By Dr. Craig D. Reid
Yes, I hear you, most of you will undoubtedly want to say, “Pacific Rim, it looks like the Transformers.” Oh yee little minds being held at bay (Michael Bay, that is). But once you realize that the leather, space-suited human warriors are operating the robots inside their metallic shells, there goes that connotation.
The bot bout abilities arise from the mind melding of two pilots that with Top Gun angst drive their gigantic, rock em’ sock em’ alter ego androids to the occasional Battleship music rifts and whirring combinations of Power Rangers meets Real Steel ala the 1990s anime Neon Genesis Evangelion.
“History shows again and again how nature points up the folly of man, Godzilla! Oh what a pong, there goes Hong Kong, go go Godzilla…so to speak.”
Director Guillermo del Toro, who also happens to be an amateur entomologist (his favorite insect being Phasmids or stick insects), unabashedly delivers Pacific Rim with 3-D dogma and IMax amazement awash with loud squawking, screeching and screaming sounds. He cooly immerses the audience with coming at you rain soaked battles and underwater dazzles that confound and dumbfound the id. And that is not id-iotic but an id-iom of alien-invasion with dinosaurus implications boasting audacious non-stop demolition.
A tidal wave of reptilian monster titans called kaiju emerge from the sea to wreak death and destruction upon mankind. It’s basically payback for all of man’s pollution stupidity that created an imbalanced environment…apparently we didn’t turn green enough in time. Man’s last stand depends on 6-story high colossal robots, called jaegers (German for Hunters), built to even the odds to fight against the reptile clods.
Historically, man had success fighting the kaijus. Yet as man’s ego, confidence and complacency grew to damaging proportions so did the kaiju’s intelligence. We find that the beasties have hurricane category behavior, one to five, and when the behemoth brain and brawn category five kaijus decide to rear their ugly winds upon the masses of the Earth…the dawn of doomsday hath arrived…a parable of reckless ridiculousness as only humans can attain.
The movie milks emotional content and conflict via familial relationships. Two-deeply bonded pilots operate one jaeger through a mind meld called the Drift. If there is any kind of rift in the drift of the pilots…lights out with their clout.
Hero Raleigh Becket (Charlie Hunnam) and his co-pilot brother (Diego Klattenhoff) open the film with the kaiju incident that sets this pairing astrain, showing that if one is too adventurous and breaks rank, the end result is devastating.
The same vein of pain exists for the father-son Jaeger-meister team (Max Martini and Robert Kazinsky), as well as for “man on pedestal fearless leader” Stacker Pentecost (Idris Elba) and his adopted daughter Mako Mori (Rinko Kikuchi), an eager beaver kaiju killer wannabe. Aye, aye Captain…Mako scans Becket like a shark as she becomes his love interest.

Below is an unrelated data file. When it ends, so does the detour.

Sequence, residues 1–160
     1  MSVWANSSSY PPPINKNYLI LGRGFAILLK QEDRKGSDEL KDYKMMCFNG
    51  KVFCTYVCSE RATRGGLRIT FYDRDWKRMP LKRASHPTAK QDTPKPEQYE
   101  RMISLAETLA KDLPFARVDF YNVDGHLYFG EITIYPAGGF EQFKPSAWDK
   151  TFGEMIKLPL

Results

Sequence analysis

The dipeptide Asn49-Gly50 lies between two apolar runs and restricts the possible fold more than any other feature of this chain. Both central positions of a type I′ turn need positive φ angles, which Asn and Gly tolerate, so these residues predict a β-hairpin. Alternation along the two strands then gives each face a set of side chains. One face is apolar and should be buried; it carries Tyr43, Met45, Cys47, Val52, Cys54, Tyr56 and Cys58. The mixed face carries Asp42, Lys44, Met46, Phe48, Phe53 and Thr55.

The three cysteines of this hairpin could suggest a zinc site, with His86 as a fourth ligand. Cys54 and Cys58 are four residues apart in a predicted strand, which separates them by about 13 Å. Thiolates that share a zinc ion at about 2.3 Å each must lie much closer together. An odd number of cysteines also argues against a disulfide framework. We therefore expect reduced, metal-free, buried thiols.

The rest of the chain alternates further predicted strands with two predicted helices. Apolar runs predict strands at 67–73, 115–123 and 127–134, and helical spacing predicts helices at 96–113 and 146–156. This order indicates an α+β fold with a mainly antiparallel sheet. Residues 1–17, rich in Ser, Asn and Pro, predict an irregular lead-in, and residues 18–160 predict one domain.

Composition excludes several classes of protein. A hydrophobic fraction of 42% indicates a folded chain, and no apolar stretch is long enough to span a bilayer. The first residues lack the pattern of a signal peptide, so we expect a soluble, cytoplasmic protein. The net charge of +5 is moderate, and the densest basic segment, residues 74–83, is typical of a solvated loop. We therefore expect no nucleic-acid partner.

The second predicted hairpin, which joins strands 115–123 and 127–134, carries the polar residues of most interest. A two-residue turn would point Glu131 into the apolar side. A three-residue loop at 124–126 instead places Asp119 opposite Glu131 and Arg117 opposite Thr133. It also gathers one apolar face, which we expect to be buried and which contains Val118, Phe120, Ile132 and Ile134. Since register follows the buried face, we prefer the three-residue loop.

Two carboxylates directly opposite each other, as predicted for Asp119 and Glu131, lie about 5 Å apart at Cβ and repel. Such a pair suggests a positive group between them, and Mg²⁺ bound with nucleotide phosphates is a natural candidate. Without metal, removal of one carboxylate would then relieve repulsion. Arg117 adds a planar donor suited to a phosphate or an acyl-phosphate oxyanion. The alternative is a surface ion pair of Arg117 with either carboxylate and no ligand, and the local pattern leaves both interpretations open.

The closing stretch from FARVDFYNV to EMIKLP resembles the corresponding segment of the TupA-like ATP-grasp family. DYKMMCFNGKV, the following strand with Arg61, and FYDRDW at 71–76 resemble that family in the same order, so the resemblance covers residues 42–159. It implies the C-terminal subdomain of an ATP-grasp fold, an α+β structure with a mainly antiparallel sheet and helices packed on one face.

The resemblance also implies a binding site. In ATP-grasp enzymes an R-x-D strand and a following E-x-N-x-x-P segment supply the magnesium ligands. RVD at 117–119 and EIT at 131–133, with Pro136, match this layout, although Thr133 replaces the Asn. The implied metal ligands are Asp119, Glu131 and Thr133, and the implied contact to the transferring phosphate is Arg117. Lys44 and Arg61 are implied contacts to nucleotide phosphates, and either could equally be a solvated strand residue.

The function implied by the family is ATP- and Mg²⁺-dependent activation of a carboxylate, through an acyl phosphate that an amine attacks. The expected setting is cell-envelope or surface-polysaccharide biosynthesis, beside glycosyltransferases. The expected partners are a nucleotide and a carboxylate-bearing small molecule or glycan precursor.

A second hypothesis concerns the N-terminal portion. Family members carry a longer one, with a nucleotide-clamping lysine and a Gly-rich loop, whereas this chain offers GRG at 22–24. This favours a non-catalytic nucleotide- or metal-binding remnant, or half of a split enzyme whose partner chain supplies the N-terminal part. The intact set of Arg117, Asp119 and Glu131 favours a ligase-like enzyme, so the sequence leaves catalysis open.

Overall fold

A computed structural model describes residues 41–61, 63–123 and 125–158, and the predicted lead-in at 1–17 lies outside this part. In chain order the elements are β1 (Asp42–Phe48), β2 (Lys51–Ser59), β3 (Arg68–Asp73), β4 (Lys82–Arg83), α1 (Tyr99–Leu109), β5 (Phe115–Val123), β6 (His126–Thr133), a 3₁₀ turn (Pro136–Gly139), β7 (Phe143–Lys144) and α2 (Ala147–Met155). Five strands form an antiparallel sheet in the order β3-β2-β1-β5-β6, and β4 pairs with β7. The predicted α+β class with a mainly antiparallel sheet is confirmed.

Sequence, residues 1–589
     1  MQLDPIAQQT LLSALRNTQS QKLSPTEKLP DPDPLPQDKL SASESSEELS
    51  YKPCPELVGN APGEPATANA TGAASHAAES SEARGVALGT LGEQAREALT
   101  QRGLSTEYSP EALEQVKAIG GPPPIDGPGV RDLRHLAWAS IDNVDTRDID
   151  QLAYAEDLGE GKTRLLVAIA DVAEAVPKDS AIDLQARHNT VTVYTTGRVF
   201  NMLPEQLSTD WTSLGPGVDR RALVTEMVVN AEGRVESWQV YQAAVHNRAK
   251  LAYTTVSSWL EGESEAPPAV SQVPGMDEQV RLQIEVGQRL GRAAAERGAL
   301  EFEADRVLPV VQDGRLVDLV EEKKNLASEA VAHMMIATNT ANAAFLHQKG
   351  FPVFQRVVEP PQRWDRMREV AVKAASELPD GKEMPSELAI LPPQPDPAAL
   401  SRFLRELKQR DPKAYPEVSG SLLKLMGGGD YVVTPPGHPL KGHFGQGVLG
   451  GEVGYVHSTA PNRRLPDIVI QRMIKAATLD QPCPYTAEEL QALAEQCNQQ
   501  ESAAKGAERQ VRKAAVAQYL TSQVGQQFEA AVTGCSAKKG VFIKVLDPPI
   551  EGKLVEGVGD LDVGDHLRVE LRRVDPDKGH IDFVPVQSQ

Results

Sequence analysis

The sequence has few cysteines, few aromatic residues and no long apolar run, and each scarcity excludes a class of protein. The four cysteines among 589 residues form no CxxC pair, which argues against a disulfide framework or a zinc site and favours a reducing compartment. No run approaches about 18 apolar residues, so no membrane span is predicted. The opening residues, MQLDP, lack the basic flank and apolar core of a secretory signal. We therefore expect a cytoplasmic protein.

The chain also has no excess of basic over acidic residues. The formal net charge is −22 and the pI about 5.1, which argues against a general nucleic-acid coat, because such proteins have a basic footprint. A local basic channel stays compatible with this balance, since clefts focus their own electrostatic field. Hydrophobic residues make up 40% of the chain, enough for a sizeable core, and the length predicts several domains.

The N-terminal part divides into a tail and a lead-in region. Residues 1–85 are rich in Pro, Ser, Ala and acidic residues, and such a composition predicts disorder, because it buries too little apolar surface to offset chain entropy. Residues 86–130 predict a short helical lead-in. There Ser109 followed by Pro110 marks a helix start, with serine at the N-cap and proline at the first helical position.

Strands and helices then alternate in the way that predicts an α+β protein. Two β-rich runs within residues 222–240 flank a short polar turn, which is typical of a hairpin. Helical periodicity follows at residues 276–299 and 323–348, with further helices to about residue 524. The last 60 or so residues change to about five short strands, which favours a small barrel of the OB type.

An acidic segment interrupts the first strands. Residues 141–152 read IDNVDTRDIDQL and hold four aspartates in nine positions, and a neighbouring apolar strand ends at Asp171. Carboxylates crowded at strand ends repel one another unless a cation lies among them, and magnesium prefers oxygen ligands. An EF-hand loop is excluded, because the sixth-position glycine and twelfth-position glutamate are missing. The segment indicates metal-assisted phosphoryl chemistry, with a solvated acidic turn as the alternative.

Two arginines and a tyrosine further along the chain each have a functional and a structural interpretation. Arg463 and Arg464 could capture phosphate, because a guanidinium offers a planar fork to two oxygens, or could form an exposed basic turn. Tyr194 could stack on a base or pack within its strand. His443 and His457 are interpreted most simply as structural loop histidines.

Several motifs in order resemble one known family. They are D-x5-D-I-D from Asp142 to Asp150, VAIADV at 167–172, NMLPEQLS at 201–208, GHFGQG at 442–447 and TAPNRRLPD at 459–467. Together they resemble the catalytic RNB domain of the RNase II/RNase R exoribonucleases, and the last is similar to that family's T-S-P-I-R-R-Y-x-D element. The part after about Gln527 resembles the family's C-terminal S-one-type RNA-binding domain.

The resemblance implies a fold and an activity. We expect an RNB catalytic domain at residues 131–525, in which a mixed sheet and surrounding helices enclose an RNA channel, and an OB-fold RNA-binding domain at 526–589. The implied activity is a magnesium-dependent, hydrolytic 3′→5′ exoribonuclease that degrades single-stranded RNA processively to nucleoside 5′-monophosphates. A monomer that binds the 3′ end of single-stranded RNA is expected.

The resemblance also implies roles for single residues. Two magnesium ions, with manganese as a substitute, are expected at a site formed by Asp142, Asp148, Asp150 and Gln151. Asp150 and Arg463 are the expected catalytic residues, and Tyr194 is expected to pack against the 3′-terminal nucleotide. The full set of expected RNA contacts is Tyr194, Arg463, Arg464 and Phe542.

And what film of this nature would lack those required, somewhat clichéd clan of colourful characters. At the forefront there’s the mad scientist duo of kaiju groupie Dr. Newton Geizler (Charlie Day) and his counterpart the Roddy McDowall/Jerry Lewis inspired Dr. Gottlieb (Burn Gorman). Pulling up the rear, there’s the kaiju organ harvester (Ron Perlman), whose wingtips and goggles assure us of some interesting backstory.
Two summers ago, a small outfit of Camp Pendleton Marines saved the Earth from alien invasion in Battlefield, LA. Last summer, a wayward, misunderstood naval officer and his ship crew saved the Earth from alien invasion in Battleship.
Which comes to this summer and the what you might think is a tired storyline of someone having to save the planet again from alien invasion, Pacific Rim.
But no, the creature mayhem in Pacific Rim rocks and rolls as there is a growing sense of danger with each of the monsters’ metamorphic stages. From shark-like to other various dinosaur variations that sport pterodactyl wings and giant octopus tentacles or mouth spewing weapons of mass destruction, each incarnation will hold the audience’s attention. End result…as the stakes rise, the odds against the human defenders saving the world dwindles.
Director del Toro, beautifully kills the time between action set pieces. He also sprinkles a wee bit of martial arts in the storyline…albeit a far cry from any decent martial arts movie out there. However, the combat suffices for the nature of the scene and the story’s femme fatale moxie.
Overall, del Toro maintains engaging forward momentum without falling into bloated and padded narrative. Although on IMax, during mayhem, it was sometimes difficult to understand what was being yelled. Furthermore, the monster-robot battles were surprisingly coherent. Amid all the crash-bang, walla walla bing bang action, it’s not only there because it needs to move the story along, but it also provides some overtly subliminal humorous moments.